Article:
What is a Business Turnaround?
A business turnaround is a period of time that typically ranges from three to twelve months during which a company attempts to improve its financial performance by implementing new initiatives on all levels. The goal is often defined as returning the company’s core operations to profitability and/or earning at least 50% of the previous year’s revenue. Sometimes, it is also thought that turning around a struggling business may result in an increase in market share or market value.
Business turnaround is describes by Fintalent’s business turnaround consultants as a form of return on investment (ROI). Specifically, it is the use of specific activities and processes to improve financial performance in an existing business, or create a new one from scratch. To measure results, many managers use return on assets (ROA), return on equity (ROE), cash flow per share (CPS), and more. The focus is to use the cash resources of an investment to generate an adequate return on investment.
A business turnaround must be viewed as a long-term process, but short-term results are also important in measuring how successfully the process is working.
A business turnaround should be planned and executed in phases. This allows management to see what will work and what will not work, to adjust strategies in each phase, and move ahead more effectively.
The organization should be encouraged to have solutions that are more than one and more than two, but not so many that they become unmanageable.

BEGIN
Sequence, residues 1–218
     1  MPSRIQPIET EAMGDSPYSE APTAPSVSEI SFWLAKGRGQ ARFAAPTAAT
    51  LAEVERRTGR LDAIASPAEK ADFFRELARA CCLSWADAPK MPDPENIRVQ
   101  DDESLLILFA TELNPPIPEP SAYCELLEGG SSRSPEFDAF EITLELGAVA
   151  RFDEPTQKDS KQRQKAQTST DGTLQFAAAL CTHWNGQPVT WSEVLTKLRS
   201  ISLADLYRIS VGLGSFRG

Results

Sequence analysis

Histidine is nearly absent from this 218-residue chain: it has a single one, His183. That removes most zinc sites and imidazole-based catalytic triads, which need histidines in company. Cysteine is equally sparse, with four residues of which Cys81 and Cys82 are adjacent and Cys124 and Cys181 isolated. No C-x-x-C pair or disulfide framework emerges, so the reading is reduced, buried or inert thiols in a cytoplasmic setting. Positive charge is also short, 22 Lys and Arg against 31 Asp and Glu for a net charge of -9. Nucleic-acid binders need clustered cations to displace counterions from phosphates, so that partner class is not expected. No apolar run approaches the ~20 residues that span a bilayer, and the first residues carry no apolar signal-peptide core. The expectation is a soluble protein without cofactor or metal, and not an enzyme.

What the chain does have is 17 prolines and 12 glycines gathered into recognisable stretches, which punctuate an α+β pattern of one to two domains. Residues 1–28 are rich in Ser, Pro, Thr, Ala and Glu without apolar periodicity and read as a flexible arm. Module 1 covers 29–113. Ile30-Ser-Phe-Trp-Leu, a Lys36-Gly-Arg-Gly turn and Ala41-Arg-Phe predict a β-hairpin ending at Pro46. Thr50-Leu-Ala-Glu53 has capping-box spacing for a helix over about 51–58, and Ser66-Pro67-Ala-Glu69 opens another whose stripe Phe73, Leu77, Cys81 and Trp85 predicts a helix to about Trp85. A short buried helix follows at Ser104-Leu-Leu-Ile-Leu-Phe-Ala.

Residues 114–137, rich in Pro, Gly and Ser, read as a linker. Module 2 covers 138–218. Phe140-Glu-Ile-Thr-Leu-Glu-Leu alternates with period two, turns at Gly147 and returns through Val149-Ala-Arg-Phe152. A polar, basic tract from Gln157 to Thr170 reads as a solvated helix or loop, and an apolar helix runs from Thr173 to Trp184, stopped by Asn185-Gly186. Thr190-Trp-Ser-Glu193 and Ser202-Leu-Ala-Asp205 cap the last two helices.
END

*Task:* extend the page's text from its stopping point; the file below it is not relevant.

Business turnaround has been described as a process of “turning things around,” “getting out of the rut,” “starting over” or “taking control.” Regardless of the description, it usually involves three to twelve months of management intervention, which may vary from strategy to strategy.
The best way to end a period of decline is one in which the company has improved its financial performance by an amount equal to or greater than its share price depreciation. If the company has been losing money, it must be generating positive cash flow by the end of the turnaround.
Any business that operates for a sufficiently long time will experience periods of hard times. An “accident” occurs when a given change in circumstances is unavoidable. In some cases, survival comes down to finding new customers and filling unmet needs; in other cases it is necessary to reduce costs in order to survive. If a company continues losing money or revenue during a period of decline, then managers should consider whether they need to cut costs (reduce expenses) or grow revenues (increase sales). Both strategies need to be pursued at the same time; one without the other may mean continuing losses with no chance of change. With the right strategies, a company can survive and even thrive in difficult times.
Why Embark on Turnarounds?